Sir Henry Newbolt
Born in Bilston, Staffordshire in 1862, Newbolt was educated at Clifton School and Oxford University. After his studies Newbolt became a barrister.
Higly respected, Newbolt was a lawyer, novelist, playwright and magazine editor. Above all, he was a poet who championed the virtues of chivalry and sportsmanship combined in the service of the British Empire.
Although his first novel, Taken from the Enemy, was published in time for his thirtieth birthday in 1892, Newbolt’s reputation was established in 1897 in a poem written about a schoolboy cricketer who grows up to fight in Africa, Vitai Lampada. The poem was well received both critically and publicly at the ... more »
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Sir Henry Newbolt Poems
There's a breathless hush in the Close to-night -- Ten to make and the match to win -- A bumping pitch and a blinding light, An hour to play and the last man in.
Drake he's in his hammock an' a thousand miles away, (Capten, art tha sleepin' there below?) Slung atween the round shot in Nombre Dios Bay, An' dreamin' arl the time O' Plymouth Hoe.
This is the Chapel: here, my son, Your father thought the thoughts of youth, And heard the words that one by one The touch of Life has turn’d to truth.
He fell among Thieves
‘Ye have robb’d,’ said he, ‘ye have slaughter’d and made an end, Take your ill-got plunder, and bury the dead: What will ye more of your guest and sometime friend?’ ‘Blood for our blood,’ they said.
We loved our nightjar, but she would not stay with us. We had found her lying as dead, but soft and warm, Under the apple tree beside the old thatched wall. Two days we kept her in a basket by the fire,
The Fighting Téméraire
It was eight bells ringing, For the morning watch was done, And the gunner's lads were singing As they polished every gun.
A Ballad of John Nicholson
It fell in the year of Mutiny, At darkest of the night, John Nicholson by Jalándhar came, On his way to Delhi fight.
A Letter From the Front
I was out early to-day, spying about From the top of a haystack -- such a lovely morning -- And when I mounted again to canter back I saw across a field in the broad sunlight
The War Films
O living pictures of the dead, O songs without a sound, O fellowship whose phantom tread Hallows a phantom ground --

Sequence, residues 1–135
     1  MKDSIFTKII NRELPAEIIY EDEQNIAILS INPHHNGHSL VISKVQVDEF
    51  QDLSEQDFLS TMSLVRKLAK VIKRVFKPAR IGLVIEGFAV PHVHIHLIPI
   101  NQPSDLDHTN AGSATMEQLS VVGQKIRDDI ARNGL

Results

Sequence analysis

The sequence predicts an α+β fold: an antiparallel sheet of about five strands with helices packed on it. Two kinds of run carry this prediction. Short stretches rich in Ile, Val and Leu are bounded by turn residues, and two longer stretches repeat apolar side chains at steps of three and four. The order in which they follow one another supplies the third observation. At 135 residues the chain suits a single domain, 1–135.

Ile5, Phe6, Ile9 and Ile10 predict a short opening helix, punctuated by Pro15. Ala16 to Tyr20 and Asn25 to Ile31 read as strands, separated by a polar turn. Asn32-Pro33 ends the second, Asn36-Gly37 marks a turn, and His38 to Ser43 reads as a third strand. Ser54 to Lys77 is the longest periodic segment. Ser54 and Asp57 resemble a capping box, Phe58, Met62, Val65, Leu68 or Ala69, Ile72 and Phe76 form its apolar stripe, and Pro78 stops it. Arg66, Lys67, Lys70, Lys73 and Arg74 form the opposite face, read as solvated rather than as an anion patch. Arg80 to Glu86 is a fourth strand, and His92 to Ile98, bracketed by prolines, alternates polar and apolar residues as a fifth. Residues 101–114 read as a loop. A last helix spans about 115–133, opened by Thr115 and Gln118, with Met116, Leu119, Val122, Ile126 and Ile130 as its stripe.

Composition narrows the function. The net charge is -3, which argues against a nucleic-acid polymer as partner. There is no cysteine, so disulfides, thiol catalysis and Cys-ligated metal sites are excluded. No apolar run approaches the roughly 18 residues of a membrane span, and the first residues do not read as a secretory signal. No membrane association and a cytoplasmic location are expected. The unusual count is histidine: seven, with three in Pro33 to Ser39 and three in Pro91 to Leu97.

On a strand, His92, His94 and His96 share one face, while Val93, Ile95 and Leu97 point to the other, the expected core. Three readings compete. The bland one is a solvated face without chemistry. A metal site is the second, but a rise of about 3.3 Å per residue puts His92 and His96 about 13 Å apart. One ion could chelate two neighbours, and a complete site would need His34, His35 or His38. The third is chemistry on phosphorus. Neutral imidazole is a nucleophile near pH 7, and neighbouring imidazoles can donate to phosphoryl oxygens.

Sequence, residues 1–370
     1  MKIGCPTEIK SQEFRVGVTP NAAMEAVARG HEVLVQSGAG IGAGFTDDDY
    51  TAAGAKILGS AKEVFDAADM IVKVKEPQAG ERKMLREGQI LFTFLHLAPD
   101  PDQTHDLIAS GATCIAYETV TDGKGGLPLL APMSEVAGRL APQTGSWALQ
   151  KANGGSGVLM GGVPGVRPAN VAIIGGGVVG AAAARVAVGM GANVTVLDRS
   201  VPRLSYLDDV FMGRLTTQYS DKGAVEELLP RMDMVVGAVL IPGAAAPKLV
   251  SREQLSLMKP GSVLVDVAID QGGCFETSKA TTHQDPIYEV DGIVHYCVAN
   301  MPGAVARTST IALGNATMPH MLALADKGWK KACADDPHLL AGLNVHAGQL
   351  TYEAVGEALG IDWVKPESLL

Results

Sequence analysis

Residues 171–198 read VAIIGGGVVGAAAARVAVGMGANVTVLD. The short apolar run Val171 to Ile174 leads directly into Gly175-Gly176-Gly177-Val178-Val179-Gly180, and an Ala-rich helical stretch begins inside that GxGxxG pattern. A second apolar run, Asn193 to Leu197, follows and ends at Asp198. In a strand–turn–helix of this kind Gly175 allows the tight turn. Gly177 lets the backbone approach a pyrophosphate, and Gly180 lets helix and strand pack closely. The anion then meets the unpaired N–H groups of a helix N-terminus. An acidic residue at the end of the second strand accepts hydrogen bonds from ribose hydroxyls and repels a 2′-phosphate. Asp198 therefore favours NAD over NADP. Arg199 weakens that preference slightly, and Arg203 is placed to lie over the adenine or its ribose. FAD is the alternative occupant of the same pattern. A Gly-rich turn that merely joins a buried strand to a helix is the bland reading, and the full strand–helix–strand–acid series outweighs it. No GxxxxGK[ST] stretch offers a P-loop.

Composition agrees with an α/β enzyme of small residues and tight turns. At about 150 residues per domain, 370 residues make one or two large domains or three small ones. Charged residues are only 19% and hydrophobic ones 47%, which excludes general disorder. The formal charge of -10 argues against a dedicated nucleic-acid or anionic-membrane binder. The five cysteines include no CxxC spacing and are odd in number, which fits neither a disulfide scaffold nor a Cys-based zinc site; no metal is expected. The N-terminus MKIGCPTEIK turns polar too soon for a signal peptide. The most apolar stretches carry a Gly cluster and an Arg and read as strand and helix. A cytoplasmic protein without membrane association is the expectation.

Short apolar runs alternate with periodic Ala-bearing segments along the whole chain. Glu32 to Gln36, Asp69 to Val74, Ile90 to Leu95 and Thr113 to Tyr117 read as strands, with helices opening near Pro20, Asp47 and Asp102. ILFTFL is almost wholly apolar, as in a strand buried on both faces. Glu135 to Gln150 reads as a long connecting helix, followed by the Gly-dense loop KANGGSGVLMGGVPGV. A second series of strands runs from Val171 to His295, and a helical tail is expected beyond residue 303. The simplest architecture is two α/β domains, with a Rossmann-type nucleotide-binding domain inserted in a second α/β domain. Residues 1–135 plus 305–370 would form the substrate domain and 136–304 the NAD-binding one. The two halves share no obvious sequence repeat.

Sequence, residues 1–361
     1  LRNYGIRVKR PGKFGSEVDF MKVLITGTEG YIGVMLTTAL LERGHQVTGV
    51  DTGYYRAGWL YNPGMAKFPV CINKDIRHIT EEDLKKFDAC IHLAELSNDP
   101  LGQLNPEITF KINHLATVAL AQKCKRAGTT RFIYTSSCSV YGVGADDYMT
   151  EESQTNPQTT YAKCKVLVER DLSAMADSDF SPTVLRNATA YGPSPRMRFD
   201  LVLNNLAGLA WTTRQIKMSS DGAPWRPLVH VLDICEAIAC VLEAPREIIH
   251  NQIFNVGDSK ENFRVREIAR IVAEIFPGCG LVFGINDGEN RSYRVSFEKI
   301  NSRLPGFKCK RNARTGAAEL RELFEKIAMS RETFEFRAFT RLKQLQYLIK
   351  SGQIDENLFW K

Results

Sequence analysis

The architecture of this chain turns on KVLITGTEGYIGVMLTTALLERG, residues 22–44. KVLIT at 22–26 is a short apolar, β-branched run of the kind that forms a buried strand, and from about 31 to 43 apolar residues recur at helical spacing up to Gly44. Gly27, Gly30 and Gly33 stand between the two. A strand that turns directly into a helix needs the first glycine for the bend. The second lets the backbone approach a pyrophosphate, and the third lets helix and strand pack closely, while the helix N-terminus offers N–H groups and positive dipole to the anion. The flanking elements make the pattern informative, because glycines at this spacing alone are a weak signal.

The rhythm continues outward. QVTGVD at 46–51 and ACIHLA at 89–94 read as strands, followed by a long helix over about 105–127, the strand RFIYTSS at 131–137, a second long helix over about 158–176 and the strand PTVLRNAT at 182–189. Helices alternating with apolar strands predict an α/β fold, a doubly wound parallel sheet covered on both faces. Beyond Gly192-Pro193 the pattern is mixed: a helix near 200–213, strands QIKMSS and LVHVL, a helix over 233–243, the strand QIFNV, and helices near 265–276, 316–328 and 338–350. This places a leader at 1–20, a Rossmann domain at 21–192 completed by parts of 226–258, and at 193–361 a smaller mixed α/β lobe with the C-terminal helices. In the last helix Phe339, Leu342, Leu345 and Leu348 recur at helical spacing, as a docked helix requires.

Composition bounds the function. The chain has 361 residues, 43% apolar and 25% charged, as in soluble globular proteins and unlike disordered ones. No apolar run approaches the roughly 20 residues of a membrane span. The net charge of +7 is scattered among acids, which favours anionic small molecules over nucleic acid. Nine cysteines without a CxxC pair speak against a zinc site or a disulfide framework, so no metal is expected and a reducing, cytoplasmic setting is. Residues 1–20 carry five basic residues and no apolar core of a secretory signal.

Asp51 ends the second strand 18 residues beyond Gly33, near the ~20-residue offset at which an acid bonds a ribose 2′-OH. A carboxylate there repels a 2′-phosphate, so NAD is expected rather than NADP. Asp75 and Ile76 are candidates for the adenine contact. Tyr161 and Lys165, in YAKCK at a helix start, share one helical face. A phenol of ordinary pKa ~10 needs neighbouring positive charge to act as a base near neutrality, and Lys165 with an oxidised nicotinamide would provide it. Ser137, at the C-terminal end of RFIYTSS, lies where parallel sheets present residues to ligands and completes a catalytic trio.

Down thy valleys, Ireland, Ireland, Down thy valleys green and sad, Still thy spirit wanders wailing, Wanders wailing, wanders mad.
Our game was his but yesteryear; We wished him back; we could not know The self-same hour we missed him here He led the line that broke the foe.
Effingham, Grenville, Raleigh, Drake, Here's to the bold and free! Benbow, Collingwood, Byron, Blake,
Praise thou with praise unending, The Master of the Wine; To all their portions sending
Among The Tombs
She is a lady fair and wise, Her heart her counsel keeps, And well she knows of time that flies And tide that onward sweeps;
Comments about Sir Henry Newbolt
(4 April 1928 - 28 May 2014)
(March 26, 1874 – January 29, 1963)
(10 December 1830 – 15 May 1886)
(26 April 1564 - 23 April 1616)
(12 July 1904 – 23 September 1973)
(1 February 1902 – 22 May 1967)
Edgar Allan Poe
(19 January 1809 - 7 October 1849)
(31 May 1819 - 26 March 1892)
(16 August 1920 – 9 March 1994)
There's a breathless hush in the Close to-night --
Ten to make and the match to win --
A bumping pitch and a blinding light,
An hour to play and the last man in.
And it's not for the sake of a ribboned coat,
Or the selfish hope of a season's fame,
But his Captain's hand on his shoulder smote
"Play up! play up! and play the game!"
The sand of the desert is sodden red, --
Red with the wreck of a square that broke; --
The Gatling's jammed and the colonel dead,
And the regiment blind with dust and smoke.
The river of death has brimmed his banks, ...